In her opening remarks to the sixth annual (and second virtual) Esri Science Symposium, Esri chief scientist Dawn Wright emphasized Esri’s strong connections with the scientific community. Held on July 15 in connection with the 2021 Esri User Conference, this exclusively virtual event with 3,039 attendees was more inclusive than the most recent in-person Science Symposium in 2019, which was attended by approximately 700 people.
In addition to the scientific foundation of its software and tools, Esri is active in the international scientific community on various boards, councils, and research projects. It works collaboratively with some of the world’s largest earth science organizations, focusing on six areas: open science, weather and climate science, ocean science, solid earth science, geographic information science, and social science. Soon Esri will add qualitative social science as a seventh area of emphasis.
Biodiversity Feeds, Shapes, and Saves the World
In keeping with the Esri User Conference theme, GIS—Creating a Sustainable Future, Healy Hamilton, PhD, and chief scientist for NatureServe, delivered her symposium keynote speech, “Biodiversity and Global Change: The Spatial Nature of Conservation.”
Hamilton is a biodiversity scientist by training with graduate degrees from Yale and the University of California, Berkeley. She leads a staff at NatureServe who have expertise in ecology, zoology, botany, conservation, data science, and information management. Together they produce foundational information on the distribution and conservation status of species and species habitat. NatureServe, Inc., is a nonprofit that provides biodiversity network information, data, and tools that support conservation practices based on science.
Hamilton noted that the well-being of individuals and communities is utterly dependent on the natural world, so conserving the diversity of life is essential to our survival. Hamilton began by describing the vital role biodiversity plays in feeding the world. “Every single calorie ever consumed by all of mankind in all of human history comes from biodiversity. Supplying enough safe and nutritious food for a rapidly growing world really requires we increase food production globally without undermining planet capacity, to meet the needs of future generations and deliver other essential ecosystem services,” she said.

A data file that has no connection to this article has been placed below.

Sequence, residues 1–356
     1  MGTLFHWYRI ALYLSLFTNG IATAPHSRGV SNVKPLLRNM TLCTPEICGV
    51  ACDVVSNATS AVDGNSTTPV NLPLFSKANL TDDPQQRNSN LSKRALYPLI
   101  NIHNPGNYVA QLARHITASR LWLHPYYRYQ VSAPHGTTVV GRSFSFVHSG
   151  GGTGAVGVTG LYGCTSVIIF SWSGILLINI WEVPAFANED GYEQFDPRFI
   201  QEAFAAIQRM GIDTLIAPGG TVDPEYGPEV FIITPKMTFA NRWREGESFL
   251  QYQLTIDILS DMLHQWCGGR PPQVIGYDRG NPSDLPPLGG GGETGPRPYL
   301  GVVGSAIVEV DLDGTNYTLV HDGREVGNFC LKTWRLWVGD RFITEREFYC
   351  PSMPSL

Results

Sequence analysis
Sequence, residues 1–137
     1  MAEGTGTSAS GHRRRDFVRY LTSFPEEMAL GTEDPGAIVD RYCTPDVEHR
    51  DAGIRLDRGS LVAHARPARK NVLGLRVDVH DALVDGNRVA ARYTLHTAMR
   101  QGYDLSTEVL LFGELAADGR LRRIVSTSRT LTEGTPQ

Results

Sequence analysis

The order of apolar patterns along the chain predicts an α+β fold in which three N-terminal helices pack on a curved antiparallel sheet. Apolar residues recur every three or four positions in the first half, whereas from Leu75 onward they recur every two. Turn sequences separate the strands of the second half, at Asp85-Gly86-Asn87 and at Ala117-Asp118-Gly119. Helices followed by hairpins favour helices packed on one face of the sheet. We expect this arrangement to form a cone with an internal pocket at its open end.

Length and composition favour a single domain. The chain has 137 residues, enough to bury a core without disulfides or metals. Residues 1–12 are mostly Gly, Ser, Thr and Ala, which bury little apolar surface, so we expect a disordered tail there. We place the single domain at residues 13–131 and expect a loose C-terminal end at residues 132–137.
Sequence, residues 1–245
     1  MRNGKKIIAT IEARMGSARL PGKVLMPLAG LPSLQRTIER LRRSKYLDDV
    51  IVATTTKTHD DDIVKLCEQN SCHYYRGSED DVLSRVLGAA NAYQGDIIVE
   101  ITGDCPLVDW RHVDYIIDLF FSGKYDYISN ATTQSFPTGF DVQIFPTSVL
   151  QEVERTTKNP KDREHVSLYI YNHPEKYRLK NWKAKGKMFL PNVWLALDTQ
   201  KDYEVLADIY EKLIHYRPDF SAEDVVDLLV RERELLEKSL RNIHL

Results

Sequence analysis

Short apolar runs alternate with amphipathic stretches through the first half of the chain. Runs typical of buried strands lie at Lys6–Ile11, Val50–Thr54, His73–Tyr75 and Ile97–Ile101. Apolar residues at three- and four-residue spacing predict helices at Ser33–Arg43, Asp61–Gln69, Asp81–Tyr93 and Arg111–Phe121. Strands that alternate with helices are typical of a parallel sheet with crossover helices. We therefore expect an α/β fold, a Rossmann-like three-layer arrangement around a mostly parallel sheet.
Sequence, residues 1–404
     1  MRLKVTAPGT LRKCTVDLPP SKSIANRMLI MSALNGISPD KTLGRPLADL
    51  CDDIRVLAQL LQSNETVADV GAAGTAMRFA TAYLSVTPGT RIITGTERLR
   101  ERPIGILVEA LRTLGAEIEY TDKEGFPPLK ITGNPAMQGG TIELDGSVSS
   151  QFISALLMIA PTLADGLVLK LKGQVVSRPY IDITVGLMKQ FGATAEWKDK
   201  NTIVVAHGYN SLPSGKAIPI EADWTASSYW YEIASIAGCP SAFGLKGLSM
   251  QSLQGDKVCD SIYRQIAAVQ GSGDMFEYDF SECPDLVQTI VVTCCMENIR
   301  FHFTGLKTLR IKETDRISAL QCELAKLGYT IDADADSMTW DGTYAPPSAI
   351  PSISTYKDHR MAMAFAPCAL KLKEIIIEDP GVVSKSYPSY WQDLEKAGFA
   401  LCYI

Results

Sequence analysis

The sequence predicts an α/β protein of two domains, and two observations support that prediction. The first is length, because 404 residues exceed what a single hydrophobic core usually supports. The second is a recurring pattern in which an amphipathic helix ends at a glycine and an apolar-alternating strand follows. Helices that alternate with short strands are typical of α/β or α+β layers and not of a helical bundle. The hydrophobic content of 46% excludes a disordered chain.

The mission of balancing biodiversity preservation with feeding a population of billions is hampered by the current food production system, which relies on just 15 crop plants for 90 percent of food energy intake and ignores some 200,000 plant species with edible parts. As climate patterns change, the yield of this limited number of crops declines and food sources become less secure.
She pointed to the Dongria Kondh, a tribe that lives in southwest Odisha, India, as an example of people who appreciate and protect biodiversity. The government had introduced high-yielding rice varieties and encouraged the tribe to abandon the assortment of resilient heirloom rice varieties they were growing. When it became clear that the monoculture advocated by the government jeopardized the agricultural self-sufficiency of the Dongria Kondh, the tribe recognized that diversity equals security and returned to its previous practices and prosperity.
Biodiversity also ensures that the food supply by supporting pollinators—from bees to bats—provide ecosystem services valued at between $200 to $400 billion each year. Human well-being also depends on biodiversity in other ways. More than half the drugs approved in the last 30 years have been directly or indirectly derived from natural products. The study of nature has also been beneficial in devising more effective treatments for chronic conditions. For example, the nerve regeneration of sea cucumbers is being studied and could lead to a cure for Parkinson’s disease.
Hamilton highlighted the potential of biomimicry, a relatively new science that uses inspiration from the many ways that nature has evolved systems and strategies that can be applied to solve existing engineering problems. She used the nearly unsquishable diabolical ironclad beetle (Phloeodes diabolicus) as an example. It can withstand pressure that is 39,000 times its body weight, so it is being studied by materials scientists for developing armor, building, and packaging applications.